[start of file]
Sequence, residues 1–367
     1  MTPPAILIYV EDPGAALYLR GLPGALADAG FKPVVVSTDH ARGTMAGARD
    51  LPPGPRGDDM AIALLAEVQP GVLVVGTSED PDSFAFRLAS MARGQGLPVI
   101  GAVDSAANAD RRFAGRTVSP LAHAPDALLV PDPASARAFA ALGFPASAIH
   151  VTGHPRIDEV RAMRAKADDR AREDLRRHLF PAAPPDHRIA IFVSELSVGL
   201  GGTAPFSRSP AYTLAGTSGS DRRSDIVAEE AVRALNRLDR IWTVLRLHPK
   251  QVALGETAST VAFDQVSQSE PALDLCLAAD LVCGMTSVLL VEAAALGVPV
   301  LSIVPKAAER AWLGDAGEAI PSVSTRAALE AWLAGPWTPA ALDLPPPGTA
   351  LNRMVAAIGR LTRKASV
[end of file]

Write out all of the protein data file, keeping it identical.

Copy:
Sequence, residues 1–367
     1  MTPPAILIYV EDPGAALYLR GLPGALADAG FKPVVVSTDH ARGTMAGARD
    51  LPPGPRGDDM AIALLAEVQP GVLVVGTSED PDSFAFRLAS MARGQGLPVI
   101  GAVDSAANAD RRFAGRTVSP LAHAPDALLV PDPASARAFA ALGFPASAIH
   151  VTGHPRIDEV RAMRAKADDR AREDLRRHLF PAAPPDHRIA IFVSELSVGL
   201  GGTAPFSRSP AYTLAGTSGS DRRSDIVAEE AVRALNRLDR IWTVLRLHPK
   251  QVALGETAST VAFDQVSQSE PALDLCLAAD LVCGMTSVLL VEAAALGVPV
   301  LSIVPKAAER AWLGDAGEAI PSVSTRAALE AWLAGPWTPA ALDLPPPGTA
   351  LNRMVAAIGR LTRKASV